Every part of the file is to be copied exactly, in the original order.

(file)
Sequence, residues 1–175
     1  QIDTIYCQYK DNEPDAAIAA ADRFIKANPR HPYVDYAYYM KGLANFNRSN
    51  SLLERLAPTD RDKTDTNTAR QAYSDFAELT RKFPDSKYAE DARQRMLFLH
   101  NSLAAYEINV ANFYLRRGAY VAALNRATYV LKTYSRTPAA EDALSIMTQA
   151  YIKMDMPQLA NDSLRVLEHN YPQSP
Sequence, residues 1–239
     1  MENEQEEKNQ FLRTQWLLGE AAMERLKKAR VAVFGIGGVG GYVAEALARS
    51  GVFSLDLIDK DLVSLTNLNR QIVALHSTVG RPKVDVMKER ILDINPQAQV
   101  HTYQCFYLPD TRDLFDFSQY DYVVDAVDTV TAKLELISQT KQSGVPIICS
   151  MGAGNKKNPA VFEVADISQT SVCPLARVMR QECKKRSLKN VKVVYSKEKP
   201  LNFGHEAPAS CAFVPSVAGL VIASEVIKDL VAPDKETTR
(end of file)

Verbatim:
Sequence, residues 1–175
     1  QIDTIYCQYK DNEPDAAIAA ADRFIKANPR HPYVDYAYYM KGLANFNRSN
    51  SLLERLAPTD RDKTDTNTAR QAYSDFAELT RKFPDSKYAE DARQRMLFLH
   101  NSLAAYEINV ANFYLRRGAY VAALNRATYV LKTYSRTPAA EDALSIMTQA
   151  YIKMDMPQLA NDSLRVLEHN YPQSP
Sequence, residues 1–239
     1  MENEQEEKNQ FLRTQWLLGE AAMERLKKAR VAVFGIGGVG GYVAEALARS
    51  GVFSLDLIDK DLVSLTNLNR QIVALHSTVG RPKVDVMKER ILDINPQAQV
   101  HTYQCFYLPD TRDLFDFSQY DYVVDAVDTV TAKLELISQT KQSGVPIICS
   151  MGAGNKKNPA VFEVADISQT SVCPLARVMR QECKKRSLKN VKVVYSKEKP
   201  LNFGHEAPAS CAFVPSVAGL VIASEVIKDL VAPDKETTR